by Arnold Grundvig

Employees often need help to achieve goals. Many years ago, I was asked by my boss to interview several of the employees where I worked. It was his way of training me how to be a supervisor. It went well as I reviewed the questions they had answered on the form from the personnel department.

One lady responded to the question about her 5-year goal with an answer that was unexpected. She said that she wanted to go back to school and become a nurse, so she could take care of her aging mother. I related this to my boss as I reviewed the worksheets with him. My boss chuckled and let me know it meant nothing. He had known her for thirty years and she had the same goal for thirty years. The problem was that she did nothing about it.

When employees have goals, whether they be about going to school or being to work on time, we need to help them. That doesn’t mean helping with their homework, it means helping them lay out the steps to accomplishing their goals. Sometimes, it may mean that they report to us about their classes, what they are gaining that will benefit them at work, etc. For employees with tardiness issues, it may be that they report to us every Friday how many times they were on time. Notice, I didn’t say how many times they were late. The behavior we want to increase is the one we should be measuring. That’s an old axiom.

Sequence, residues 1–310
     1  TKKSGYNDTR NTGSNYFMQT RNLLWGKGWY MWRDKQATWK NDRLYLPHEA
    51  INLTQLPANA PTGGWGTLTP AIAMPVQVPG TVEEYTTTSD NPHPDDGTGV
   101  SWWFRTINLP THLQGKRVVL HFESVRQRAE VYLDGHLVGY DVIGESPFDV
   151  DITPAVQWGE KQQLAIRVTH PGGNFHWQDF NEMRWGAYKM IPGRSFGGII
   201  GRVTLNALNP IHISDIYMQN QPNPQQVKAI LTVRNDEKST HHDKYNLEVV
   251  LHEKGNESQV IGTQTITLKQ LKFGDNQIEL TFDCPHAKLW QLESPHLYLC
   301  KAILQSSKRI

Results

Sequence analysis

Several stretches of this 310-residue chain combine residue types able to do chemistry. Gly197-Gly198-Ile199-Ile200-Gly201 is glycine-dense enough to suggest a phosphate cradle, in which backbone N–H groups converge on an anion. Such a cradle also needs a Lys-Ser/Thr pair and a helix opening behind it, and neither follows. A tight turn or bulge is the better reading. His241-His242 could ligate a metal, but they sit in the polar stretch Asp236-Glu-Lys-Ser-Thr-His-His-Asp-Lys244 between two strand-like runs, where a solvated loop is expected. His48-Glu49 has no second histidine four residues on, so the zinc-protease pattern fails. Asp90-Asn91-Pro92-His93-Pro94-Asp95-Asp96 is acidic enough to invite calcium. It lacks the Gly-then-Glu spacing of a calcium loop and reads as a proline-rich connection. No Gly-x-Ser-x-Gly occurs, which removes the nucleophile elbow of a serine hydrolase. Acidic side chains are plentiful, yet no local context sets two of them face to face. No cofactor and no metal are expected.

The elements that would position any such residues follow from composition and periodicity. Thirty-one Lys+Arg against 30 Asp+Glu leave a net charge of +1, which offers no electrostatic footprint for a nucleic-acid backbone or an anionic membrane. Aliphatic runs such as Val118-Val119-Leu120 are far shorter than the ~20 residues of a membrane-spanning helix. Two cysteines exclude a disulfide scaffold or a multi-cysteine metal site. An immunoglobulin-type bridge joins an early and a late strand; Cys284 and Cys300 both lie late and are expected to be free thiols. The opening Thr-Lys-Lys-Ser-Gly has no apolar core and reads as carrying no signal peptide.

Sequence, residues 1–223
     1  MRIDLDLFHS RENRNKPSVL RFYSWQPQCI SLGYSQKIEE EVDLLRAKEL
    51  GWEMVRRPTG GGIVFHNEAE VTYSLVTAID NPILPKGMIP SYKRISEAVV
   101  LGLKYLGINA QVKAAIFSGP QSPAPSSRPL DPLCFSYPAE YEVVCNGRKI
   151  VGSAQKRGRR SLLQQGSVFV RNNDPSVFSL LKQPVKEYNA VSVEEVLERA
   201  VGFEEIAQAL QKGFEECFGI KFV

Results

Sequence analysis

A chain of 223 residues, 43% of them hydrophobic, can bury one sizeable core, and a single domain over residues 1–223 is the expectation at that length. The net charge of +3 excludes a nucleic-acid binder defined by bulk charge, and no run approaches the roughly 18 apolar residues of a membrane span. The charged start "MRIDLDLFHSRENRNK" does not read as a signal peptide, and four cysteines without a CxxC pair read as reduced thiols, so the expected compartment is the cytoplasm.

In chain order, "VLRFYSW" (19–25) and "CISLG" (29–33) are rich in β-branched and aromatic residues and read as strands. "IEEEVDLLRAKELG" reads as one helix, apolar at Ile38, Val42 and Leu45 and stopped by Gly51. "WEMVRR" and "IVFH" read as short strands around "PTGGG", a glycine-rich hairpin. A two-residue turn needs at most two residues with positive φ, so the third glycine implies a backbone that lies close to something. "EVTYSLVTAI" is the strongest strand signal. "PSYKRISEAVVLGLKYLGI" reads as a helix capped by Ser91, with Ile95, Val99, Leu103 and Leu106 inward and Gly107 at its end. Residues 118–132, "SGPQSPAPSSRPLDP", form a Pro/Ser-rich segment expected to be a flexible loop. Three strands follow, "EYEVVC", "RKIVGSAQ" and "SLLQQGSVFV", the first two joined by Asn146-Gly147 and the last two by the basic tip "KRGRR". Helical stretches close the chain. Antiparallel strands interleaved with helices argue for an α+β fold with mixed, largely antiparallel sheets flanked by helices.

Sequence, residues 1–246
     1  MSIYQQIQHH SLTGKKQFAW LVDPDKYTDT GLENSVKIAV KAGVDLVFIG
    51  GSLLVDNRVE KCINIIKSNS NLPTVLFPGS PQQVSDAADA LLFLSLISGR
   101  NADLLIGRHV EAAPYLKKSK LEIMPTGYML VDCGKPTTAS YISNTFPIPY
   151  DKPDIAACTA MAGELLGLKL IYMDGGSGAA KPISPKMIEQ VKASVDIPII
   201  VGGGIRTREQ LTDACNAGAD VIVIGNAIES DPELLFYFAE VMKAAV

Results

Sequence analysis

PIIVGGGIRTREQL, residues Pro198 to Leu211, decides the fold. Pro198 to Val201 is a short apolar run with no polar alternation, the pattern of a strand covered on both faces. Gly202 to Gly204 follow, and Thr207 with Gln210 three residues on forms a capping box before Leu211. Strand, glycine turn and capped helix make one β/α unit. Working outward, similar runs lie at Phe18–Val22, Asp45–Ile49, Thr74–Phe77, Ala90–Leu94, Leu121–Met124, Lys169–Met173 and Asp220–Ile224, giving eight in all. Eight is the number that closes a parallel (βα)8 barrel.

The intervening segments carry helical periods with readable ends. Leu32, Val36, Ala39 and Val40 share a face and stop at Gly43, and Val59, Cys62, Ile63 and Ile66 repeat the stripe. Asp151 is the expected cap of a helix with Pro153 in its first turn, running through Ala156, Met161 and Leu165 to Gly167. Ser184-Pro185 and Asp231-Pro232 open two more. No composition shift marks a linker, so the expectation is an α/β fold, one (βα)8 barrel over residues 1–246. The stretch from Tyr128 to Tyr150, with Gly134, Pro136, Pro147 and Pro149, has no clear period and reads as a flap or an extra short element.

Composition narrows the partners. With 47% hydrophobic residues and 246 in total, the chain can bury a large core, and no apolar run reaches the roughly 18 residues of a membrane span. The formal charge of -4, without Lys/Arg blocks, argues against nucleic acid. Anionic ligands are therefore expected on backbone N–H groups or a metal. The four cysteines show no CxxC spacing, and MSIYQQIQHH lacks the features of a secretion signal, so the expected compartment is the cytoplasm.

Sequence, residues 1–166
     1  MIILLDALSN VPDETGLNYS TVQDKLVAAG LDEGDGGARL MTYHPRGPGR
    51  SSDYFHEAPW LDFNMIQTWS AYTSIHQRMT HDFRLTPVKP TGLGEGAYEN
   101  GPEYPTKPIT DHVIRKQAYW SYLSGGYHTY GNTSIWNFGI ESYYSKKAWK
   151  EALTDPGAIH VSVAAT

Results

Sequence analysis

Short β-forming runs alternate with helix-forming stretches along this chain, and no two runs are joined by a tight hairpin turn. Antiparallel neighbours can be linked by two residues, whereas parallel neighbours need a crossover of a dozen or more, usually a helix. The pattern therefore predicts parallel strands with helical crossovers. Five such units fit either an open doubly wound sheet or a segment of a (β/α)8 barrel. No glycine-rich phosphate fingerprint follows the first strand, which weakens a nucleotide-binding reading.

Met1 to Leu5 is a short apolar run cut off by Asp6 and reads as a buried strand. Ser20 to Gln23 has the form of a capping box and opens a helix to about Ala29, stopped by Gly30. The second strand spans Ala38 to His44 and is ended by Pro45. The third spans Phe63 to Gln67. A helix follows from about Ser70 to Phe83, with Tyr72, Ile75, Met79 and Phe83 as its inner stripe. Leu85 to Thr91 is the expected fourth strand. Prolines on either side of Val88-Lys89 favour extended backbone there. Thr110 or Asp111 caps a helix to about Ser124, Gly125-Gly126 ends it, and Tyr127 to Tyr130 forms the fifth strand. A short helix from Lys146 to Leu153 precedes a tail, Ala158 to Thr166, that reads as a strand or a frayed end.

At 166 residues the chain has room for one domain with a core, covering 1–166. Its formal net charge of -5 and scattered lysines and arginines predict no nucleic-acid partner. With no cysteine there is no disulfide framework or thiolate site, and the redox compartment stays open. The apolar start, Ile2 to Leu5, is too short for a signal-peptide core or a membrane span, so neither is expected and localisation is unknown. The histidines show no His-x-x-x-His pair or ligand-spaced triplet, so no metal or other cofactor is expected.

Employees want to excel. Give them a chance to show off a bit. Then, when they do well, congratulate them. Be careful not to give accolades that are premature or unearned because that will cheapen the effect when they are earned.

© 2000-2018 Arnold S. Grundvig, Jr.